“Captain America: Civil War” movie review

Civil_War_Final_Poster‘Marvel’ous! Nearly a complete departure from the conventional comic book superhero movie genre. Avengers 2.5 is a politically-charged superhero movie that will catch you off guard and provide you with a mostly non-cartoonish plot filled with well-developed conflict and character development. Witness some of your favorite Marvel superheroes secede from the Avengers and oppose those who they once fought side-by-side. Along the way, you also get to meet some new additions to the team that will provide some awkward comedic sequences in this otherwise serious movie. Deep dark secrets come to the surface that threaten the very possibility of the team ever having any hope of reunification. Captain America: Civil War is a brilliantly produced film that will have even those who typically do not care for most superhero films leaving the theatre satisfied and anticipating the next installment in the series. Although it is really an Avengers movie, there is still enough focus on the title character to support the choice of titles for this action-packed epic adventure.

Captain America: Civil War takes place not long after the catastrophic events at Sokovia and following another destructive battle, the United Nations and U.S. Government decide to intervene and put The Avengers in check. Opposing the team signing onto an international agreement defining how this group of “vigilantes,” Captain America (Chris Evans) falls away from the group and seeks his own destiny frocked with vengeance and misplaced allegiances. With the once unified team fracturing, a covert former Soviet operative is plotting the destruction of The Avengers from the inside out. Much in the vein of the American Civil War, The Avengers are split and Captain America forms his team while Iron Man (Robert Downey Jr) attempts to hold the team together and honor the agreement with the United Nations. The once inseparable Black Widow (Scarlett Johansson) and Hawkeye (Jeremy Renner) must choose sides and decide where allegiances truly lie.

It isn’t often that a genre typically filled with high concept, shallow plots can surprise you with a narrative radiating with anthropological and political themes and subtext. The brilliance of Captain America: Civil War is that it provides the audience with equal parts action-packed fight choreography and well-developed dramatic plot with prolific amounts of character conflict. Furthermore, the story will exceed your expectations of the ability to tap into one’s superficial response to action-packed stimuli and activate the deeper emotions of allegiance, betrayal, and self-preservation. For those who have not seen the previous movies in the Captain America series–another admirable element of this installment, is not causing those who have yet to watch the previous CA movies to feel left out of the excitement. Provided you have seen the preceding Avengers movies, this one will keep you trekking along with your favorite Avengers universe characters. There are certainly minor elements or past relationships that are introduced in the previous CA movies, but most likely you will be able to pick up on the aforementioned as you watch Civil War.

Another observation of this installment in the Captain America/Avengers franchises respectfully, is the movie’s success in both including current characters and introducing new ones without the film ever feeling too crowded, as it was with Batman v Superman. In addition to the Avengers minus Hulk and Thor, the audience is introduced to an adolescent Spider-Man (Tom Holland) and are re-acquainted with Ant Man (Paul Rudd). As I am not familiar with the comics, I cannot comment on this Spider-Man in respect to staying true to the comic, but I found this incarnation of Spider-Man to be on the verge of annoying. Perhaps that is how he is suppose to be, but it did not fit in with how he has been historically portrayed in cartoons and movies. However, the inclusion of both the respective characters did not feel forced as it so easily could have. Since the film primarily focussed on Captain America and secondly Iron Man, the large cast of characters was handled efficiently. The writers could include all these characters in one narrative, but shift the focus from character or character thus never overstimulating or overwhelming the audience with the development of such a dynamic ensemble cast.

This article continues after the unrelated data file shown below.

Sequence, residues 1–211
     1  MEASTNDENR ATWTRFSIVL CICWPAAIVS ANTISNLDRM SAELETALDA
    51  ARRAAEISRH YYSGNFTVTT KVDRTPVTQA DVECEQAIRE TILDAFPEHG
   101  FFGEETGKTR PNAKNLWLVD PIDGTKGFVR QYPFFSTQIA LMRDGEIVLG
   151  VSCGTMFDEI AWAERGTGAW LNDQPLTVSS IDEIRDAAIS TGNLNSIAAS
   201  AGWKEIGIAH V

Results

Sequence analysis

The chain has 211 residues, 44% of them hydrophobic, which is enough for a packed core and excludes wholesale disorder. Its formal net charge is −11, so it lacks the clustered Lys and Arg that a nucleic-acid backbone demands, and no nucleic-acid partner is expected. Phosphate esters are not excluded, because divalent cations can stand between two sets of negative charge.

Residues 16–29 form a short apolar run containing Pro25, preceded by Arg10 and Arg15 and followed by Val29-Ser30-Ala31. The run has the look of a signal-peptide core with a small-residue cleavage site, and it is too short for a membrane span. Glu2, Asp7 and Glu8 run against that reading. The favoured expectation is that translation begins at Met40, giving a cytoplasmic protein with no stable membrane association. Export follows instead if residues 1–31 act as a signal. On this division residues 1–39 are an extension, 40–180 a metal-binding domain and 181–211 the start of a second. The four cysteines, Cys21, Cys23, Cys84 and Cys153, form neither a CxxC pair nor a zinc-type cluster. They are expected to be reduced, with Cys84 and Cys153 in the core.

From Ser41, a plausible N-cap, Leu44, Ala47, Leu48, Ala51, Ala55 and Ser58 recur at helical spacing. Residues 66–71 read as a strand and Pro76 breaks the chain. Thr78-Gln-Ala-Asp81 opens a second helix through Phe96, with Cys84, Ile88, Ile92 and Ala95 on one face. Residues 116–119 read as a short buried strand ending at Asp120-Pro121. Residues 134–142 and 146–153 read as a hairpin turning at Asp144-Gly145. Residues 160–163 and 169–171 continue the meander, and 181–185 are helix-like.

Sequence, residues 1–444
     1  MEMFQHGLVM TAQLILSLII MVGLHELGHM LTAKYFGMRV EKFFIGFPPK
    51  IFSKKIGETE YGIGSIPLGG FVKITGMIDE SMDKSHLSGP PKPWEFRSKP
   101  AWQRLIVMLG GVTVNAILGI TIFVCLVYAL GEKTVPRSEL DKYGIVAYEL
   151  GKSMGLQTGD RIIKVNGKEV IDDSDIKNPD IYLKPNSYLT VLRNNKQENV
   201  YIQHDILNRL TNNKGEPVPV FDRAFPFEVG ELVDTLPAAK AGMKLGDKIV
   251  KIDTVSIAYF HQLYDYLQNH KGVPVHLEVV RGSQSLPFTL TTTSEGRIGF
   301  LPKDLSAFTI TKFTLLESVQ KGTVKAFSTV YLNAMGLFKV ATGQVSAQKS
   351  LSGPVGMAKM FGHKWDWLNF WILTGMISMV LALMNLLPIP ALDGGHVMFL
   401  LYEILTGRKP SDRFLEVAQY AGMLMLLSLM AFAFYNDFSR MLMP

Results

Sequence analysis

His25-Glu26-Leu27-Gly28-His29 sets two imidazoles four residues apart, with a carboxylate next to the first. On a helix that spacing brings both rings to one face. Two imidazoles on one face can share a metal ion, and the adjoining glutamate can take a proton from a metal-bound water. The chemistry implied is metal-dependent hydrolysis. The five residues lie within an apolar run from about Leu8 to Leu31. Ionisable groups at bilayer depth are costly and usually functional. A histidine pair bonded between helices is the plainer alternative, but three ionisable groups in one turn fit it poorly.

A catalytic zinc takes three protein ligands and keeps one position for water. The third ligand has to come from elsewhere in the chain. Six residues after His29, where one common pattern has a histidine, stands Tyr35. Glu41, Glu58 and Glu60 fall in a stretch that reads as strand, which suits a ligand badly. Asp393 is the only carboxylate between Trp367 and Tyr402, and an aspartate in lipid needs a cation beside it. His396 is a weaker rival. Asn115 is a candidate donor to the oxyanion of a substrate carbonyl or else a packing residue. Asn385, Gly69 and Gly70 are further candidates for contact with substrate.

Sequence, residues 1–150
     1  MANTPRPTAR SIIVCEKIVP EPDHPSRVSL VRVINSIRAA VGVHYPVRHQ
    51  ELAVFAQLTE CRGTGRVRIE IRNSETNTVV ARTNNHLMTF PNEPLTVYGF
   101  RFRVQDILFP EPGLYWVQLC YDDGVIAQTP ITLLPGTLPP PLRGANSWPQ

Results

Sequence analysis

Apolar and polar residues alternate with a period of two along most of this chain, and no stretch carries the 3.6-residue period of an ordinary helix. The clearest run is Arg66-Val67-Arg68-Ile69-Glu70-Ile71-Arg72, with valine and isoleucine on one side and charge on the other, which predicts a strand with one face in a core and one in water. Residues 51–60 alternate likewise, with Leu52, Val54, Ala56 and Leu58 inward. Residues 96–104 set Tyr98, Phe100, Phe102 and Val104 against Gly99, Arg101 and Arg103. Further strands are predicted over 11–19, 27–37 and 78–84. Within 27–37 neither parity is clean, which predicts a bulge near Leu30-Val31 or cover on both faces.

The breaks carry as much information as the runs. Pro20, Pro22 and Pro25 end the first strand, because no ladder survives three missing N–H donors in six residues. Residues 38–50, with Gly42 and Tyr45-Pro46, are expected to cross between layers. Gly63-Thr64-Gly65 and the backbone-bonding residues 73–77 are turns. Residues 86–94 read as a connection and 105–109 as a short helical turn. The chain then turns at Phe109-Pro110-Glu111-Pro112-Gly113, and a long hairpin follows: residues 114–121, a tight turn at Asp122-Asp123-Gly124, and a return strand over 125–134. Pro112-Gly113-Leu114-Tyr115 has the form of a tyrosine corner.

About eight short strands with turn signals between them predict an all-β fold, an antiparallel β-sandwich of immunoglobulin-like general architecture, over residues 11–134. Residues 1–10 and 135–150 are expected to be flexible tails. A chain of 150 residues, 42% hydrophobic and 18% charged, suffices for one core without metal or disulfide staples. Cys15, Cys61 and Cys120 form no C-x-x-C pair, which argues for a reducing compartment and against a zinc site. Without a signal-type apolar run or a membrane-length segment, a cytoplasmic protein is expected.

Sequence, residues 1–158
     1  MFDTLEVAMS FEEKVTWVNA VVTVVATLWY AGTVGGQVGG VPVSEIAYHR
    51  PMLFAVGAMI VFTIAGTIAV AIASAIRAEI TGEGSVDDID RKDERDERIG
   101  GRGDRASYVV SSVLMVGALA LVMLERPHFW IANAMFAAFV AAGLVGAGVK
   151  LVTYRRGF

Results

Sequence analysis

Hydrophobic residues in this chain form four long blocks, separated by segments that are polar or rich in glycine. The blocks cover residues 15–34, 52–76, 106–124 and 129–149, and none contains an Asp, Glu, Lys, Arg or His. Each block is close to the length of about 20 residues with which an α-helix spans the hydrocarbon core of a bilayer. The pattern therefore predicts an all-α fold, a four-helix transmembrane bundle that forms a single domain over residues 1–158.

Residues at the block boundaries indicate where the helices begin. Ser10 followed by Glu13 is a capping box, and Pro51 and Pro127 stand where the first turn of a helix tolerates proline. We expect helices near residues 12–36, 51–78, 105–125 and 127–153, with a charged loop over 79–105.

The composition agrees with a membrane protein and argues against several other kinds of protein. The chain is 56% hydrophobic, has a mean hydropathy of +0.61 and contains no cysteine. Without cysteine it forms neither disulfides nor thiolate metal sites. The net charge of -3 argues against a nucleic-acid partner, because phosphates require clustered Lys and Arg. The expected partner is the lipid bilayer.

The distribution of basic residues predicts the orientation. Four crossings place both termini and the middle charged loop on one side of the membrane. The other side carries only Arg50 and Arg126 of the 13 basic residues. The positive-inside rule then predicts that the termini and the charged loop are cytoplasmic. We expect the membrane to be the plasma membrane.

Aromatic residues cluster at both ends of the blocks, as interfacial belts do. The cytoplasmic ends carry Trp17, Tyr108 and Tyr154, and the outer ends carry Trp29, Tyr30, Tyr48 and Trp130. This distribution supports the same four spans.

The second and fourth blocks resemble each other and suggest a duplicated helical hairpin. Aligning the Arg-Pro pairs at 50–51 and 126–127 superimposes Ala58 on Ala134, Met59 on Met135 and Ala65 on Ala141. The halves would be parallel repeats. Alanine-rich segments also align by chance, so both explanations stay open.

Ordinarily, I do not speak so highly of superhero movies; but this film left me feeling quite satisfied and pleased with how well the film played off as a serious movie complete with plenty of opportunity for emotional connections. That being said, the one sequence of the movie that I did not find as entertaining or fitting is the elaborate “civil war” battle on the tarmac. Was it choreographed well? Yes. Was it instrumental in moving the plot forward? Yes. Did it effectively fit in with the rest of the mood and pacing of the film? No. Moreover, that entire sequence of scenes just felt awkward. And, that is mostly due to the inclusion of the naivety and immaturity of Spider-Man and witty/sarcastic/near-juvenile antics of Ant Man. Perhaps if only one adolescent-like character had been added, that part of the film would not have felt so awkward. As to not give away the reasons for the solemn mood of the film, I cannot go into much detail; but, the manner which this scene was written and directed just felt out of place and interrupted the otherwise excellent pacing and mood of the story. I agree that most serious movies need comedic relief in order to generate an emotional rollercoaster, but this was just a little too funny with respect to the rest of the film.

The summer blockbuster season is officially underway with the undoubtedly successful opening weekend of Captain America: Civil War aka Avengers 2.5. Unlike last year’s Avengers: Age of Ultron, this installment will take you on fantastic journey of emotional mountains and valleys of character and plot development. This film proves that a superhero movie can be both fantastically action-packed and dramatic. The political subtext will also provide friends and family countless hours of discussion and analysis. Although this is not an adult superhero movie in the way Deadpool was, there is still language and violence that may not be appropriate for young kids. Still, one of the earmarks of a summer blockbuster is a movie that can attract and please both teens and adults, and this is definitely a great example. Hopefully, this movie is an indicator of an exhilarating summer season at the cinema.